The opinion of the court was delivered by: J. Leon Holmes United States District Judge
John W. Walker brought claims against the City of Pine Bluff and one of its former police officers, Terry Wayne Grace, for violation of his civil rights under the First, Fourth, and Fourteenth Amendments and 42 U.S.C. §§ 1981 and 1983 and for malicious prosecution. He alleges that Grace arrested him without probable cause and for racial reasons. Walker has renewed his previous motion for summary judgment*fn1 on the issue of whether probable cause existed for his arrest. He has also moved to strike the affirmative defense of qualified immunity. For the following reasons, the motions are denied.
A court should grant summary judgment when "the pleadings, depositions, answers to interrogatories, and admissions on file, together with the affidavits, if any, show that there is no genuine issue as to any material fact and that the moving party is entitled to a judgment as a matter of law." FED. R. CIV. P. 56(c); see also Anderson v. Liberty Lobby, Inc., 477 U.S. 242, 250 (1986). The party moving for summary judgment bears the initial responsibility of informing the district court of the basis of its motion and identifying the portions of the pleadings, depositions, answers to interrogatories and admissions on file, together with the affidavits, if any, that demonstrate the absence of a genuine issue of material fact. Celotex Corp. v. Catrett, 477 U.S. 317, 323 (1986); Group Health Plan, Inc. v. Philip Morris USA, Inc., 344 F.3d 753, 763 (8th Cir. 2003). When the moving party has carried its burden under Rule 56(c), the non-moving party must "come forward with 'specific facts showing that there is a genuine issue for trial.'" Matsushita Elec. Indus. Co. v. Zenith Radio, 475 U.S. 574, 587 (1985) (quoting FED. R. CIV. P. 56(e)). The non-moving party sustains this burden by showing that there are "genuine factual issues that properly can be resolved only by a finder of fact because they may reasonably be resolved in favor of either party." Anderson, 477 U.S. at 250. When a non-moving party cannot make an adequate showing on a necessary element of the case on which that party bears the burden of proof, the moving party is entitled to judgment as a matter of law. Celotex, 477 U.S. at 323. In deciding a motion for summary judgment, the court must view the facts and inferences in the light most favorable to the party opposing summary judgment. Boerner v. Brown & Williamson Tobacco Corp., 260 F.3d 837, 841 (8th Cir. 2001) (citing Rabuska v. Crane Co., 122 F.3d 559, 562 (8th Cir. 1997)). If the evidence would allow a reasonable jury to return a verdict for the non-moving party, summary judgment should be denied. Derickson v. Fidelity Life Assoc., 77 F.3d 263, 264 (8th Cir. 1996) (citing Anderson, 477 U.S. at 248).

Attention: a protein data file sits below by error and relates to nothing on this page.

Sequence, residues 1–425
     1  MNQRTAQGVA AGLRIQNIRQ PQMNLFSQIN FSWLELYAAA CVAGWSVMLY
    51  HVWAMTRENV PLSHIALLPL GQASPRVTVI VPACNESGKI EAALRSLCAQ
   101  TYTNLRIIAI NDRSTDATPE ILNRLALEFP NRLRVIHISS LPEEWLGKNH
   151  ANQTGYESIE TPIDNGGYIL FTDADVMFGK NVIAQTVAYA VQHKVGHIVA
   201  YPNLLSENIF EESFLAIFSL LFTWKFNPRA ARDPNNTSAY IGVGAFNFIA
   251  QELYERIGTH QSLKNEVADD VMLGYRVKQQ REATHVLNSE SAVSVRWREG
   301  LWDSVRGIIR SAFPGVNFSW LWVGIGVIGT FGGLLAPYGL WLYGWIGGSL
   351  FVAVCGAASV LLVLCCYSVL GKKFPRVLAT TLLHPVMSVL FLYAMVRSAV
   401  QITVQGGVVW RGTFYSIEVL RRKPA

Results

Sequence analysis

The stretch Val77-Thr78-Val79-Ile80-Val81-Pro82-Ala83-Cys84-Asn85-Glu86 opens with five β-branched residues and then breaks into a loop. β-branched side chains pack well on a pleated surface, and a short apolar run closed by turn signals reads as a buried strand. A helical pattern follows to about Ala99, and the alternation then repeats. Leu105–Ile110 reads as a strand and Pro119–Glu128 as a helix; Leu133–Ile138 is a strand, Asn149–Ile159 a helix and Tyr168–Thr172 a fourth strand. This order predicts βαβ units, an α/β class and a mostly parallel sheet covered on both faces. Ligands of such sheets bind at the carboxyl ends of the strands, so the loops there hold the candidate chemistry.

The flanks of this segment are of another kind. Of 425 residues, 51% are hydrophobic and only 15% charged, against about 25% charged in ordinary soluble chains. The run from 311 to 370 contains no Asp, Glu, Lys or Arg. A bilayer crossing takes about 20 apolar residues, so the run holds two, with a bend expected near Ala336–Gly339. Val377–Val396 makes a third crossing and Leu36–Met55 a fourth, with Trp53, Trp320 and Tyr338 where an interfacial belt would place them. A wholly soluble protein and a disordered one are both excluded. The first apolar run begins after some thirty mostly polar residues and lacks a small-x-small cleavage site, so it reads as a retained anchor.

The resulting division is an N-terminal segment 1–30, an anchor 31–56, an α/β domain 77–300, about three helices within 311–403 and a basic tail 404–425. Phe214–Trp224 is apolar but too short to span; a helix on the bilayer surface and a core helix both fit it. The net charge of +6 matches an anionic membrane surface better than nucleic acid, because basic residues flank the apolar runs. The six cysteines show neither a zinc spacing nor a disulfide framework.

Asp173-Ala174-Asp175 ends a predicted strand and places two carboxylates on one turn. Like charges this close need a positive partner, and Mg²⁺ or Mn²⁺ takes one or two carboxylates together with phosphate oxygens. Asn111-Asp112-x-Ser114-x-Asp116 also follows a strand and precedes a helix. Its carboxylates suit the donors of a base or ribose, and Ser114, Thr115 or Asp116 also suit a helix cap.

In June 1998, Grace stopped a vehicle occupied by four young, black males. Grace says that he stopped the vehicle because it had no license plates. Another police officer, Stephanie Sheets Smith, stopped to serve as back-up for Grace. Walker, who was driving in the area, stopped his van on the side of the road and got out to observe the traffic stop. The parties agree that Walker stood at the side of the road near his vehicle but disagree as to his distance from the point where the officers were talking to some of the young men who had been stopped by Grace. Walker testified in his deposition that he was about 40 or 50 feet from the officers, but Grace testified that Walker was about 20 feet away.
Grace was initially unaware of Walker's presence. Smith approached Walker and asked if she could help him. He stated, "I'm observing Pine Bluff's finest in action." Smith returned to Grace and called his attention to Walker. Grace then approached Walker and spoke to him.
Grace and Walker have given different accounts of the events that followed. Walker testified that Grace asked who he was and why he was there. Walker stated that he told Grace, "I'm watching Pine Bluff's finest in action." Walker said that he then told Grace that Grace had no reason to ask for identification, but he nevertheless offered Grace his driver's license. According to Walker, Grace handcuffed him at this point and placed him in a police car.